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By Jay Thorwaldson

On Deadline blog: Dwight Bentel presented a contrast to Stanford journalism/communications education

Uploaded: May 25, 2012

The passing of Dwight Bentel in mid-May at 103 marks the passage of an expansionist era in the education of future journalists -- one with direct parallels, and differences, between San Jose State College (now University) and Stanford University.

Dr. Bentel (as I knew him when a student at SJS and editor of the Spartan Daily) was the founder of the Department of Journalism and Advertising at SJS and was its department head for many years. His tenure at SJS followed a period as a working journalist and later his graduation and getting a Ph.D. from Stanford.

His counterpart at Stanford was Chilton Bush, known as "Chick" to his friends and "Dr. Bush" to his students.

Bush arrived at Stanford in 1934, the same year that Bentel, at age 25, founded the Spartan Daily.

Both men pushed hard to create continuing institutions of training and education of future journalists, and both retired with many honors. Bush died in 1972. (Details on each can be found via a Google search.)

Reading an excellent obituary on Bentel in the San Jose Mercury brought back memories of the man I knew circa 1958-62. But it left out some of the personal essence of the man, although it touched on his dynamic energy and dedication to quality journalism and well-educated journalists.

I recall him as a compact, stocky man who wore heavy-rimmed glasses and sat in a large swivel office chair behind his desk in the building now named for him.

When he was excited, or upset, about something he had a habit of rocking back and forth, taking his glasses off and putting them back on repeatedly. I once, during such a discussion, asked if he wanted to be editor of the Daily. No, no, he said, and we continued as student, teacher and friends.

He was an expert in the libel law of the time and its history -- including back into the past century to the landmark case of the Cherry Sisters, who had a singing act that horrified a Midwestern newspaper reviewer. They sued for libel. The judge asked to hear the sisters sing, and agreed fully with the reviewer -- thereby establishing the precedent that truth is a complete defense against a libel suit.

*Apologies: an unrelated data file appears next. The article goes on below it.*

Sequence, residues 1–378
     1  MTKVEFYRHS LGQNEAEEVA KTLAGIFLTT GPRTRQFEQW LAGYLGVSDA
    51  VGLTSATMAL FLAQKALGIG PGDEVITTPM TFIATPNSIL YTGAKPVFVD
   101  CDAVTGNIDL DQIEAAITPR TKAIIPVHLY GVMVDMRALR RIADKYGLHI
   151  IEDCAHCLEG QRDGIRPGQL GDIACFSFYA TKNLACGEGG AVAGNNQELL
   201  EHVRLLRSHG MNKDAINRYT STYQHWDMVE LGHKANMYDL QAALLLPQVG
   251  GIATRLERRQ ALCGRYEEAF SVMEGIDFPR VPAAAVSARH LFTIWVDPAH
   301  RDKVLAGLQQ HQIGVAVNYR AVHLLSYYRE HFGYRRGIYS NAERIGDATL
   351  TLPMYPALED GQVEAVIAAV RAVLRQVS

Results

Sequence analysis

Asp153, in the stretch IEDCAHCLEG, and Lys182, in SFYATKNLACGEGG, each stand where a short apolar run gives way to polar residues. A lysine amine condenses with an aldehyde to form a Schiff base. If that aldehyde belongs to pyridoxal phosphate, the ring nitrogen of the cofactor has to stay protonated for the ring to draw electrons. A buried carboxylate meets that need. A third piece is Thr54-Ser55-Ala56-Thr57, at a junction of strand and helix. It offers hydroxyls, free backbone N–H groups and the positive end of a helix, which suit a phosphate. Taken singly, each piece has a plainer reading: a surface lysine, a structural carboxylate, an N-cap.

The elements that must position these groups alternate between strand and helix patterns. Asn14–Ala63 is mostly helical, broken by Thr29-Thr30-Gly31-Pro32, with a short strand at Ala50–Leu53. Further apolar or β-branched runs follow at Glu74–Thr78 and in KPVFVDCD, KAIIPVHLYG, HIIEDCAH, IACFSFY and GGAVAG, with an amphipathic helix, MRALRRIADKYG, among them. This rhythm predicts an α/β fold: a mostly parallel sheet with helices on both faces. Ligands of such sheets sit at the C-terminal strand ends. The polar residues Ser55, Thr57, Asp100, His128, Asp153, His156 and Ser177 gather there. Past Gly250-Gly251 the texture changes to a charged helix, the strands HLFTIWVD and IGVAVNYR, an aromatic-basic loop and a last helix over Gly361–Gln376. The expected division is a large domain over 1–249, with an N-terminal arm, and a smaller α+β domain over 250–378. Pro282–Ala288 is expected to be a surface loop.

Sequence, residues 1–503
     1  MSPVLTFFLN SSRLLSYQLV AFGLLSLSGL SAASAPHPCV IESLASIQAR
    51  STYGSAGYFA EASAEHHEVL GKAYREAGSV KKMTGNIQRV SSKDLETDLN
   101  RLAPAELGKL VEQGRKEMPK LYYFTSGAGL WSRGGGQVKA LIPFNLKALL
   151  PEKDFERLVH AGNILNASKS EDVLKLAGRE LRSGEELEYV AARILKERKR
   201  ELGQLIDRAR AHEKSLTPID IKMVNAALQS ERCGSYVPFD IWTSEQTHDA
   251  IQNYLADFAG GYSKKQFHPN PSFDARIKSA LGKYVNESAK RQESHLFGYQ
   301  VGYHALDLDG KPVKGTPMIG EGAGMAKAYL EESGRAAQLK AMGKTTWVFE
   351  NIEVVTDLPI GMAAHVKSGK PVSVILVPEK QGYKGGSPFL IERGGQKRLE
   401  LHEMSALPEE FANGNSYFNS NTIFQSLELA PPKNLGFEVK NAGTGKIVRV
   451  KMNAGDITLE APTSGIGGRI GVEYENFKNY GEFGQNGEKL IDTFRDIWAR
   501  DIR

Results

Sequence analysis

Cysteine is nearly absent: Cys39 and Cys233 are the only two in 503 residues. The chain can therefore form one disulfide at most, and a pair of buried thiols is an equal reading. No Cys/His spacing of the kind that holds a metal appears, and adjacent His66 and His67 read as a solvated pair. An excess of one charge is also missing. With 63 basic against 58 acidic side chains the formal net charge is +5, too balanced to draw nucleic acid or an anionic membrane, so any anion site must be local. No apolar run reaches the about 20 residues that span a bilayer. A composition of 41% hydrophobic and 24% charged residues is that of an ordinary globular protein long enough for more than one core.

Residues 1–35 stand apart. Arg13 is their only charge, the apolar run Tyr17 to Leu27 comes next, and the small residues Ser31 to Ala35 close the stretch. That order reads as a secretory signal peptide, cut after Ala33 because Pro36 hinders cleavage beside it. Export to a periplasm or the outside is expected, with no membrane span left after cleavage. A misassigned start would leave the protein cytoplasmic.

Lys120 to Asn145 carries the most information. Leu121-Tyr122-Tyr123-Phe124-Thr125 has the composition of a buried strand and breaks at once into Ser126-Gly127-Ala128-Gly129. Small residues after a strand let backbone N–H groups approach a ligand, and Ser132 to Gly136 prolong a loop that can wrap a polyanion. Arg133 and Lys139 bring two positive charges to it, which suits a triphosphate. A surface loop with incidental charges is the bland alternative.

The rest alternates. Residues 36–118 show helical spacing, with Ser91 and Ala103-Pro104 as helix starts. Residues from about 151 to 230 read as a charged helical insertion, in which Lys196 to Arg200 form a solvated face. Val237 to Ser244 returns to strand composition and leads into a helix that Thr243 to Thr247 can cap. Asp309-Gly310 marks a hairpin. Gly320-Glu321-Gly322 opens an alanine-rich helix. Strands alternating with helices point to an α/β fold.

Bentel was especially proud of his extensive collection of newspaper headlines with embarrassing flubs, including the famous "Dewey Wins" headline of the Chicago Tribune. Most of his collected headlines were grammatical mistakes, poor wording that led to inadvertent puns or double meanings (sometimes racy), and typographical errors.

One of his favorite examples involved famously overweight President Grover Cleveland. On one page was a photo of a stationary exercise cycle. The caption said, "This is what the president rides every morning before breakfast."

On the opposite page was supposed to be a photo of the winner of the state's Miss America contestant.

The zinc photo engraving plates got switched.

I met Chilton Bush during the celebration of the 25th anniversary of the founding of the Spartan Daily in 1961, when I was serving as news editor, then editor of the Daily. I was aware of the long relationship -- and a friendly rivalry -- between the two distinguished educators.

The contrast between them was physical as well as philosophical. I recall Bush as a tall, lanky, easy-moving man compared to compact quick-moving Bentel, whose bounce lasted virtually his entire life. At his 100th birthday party, Bentel entered the room with hands clasped over his head in a victory gesture.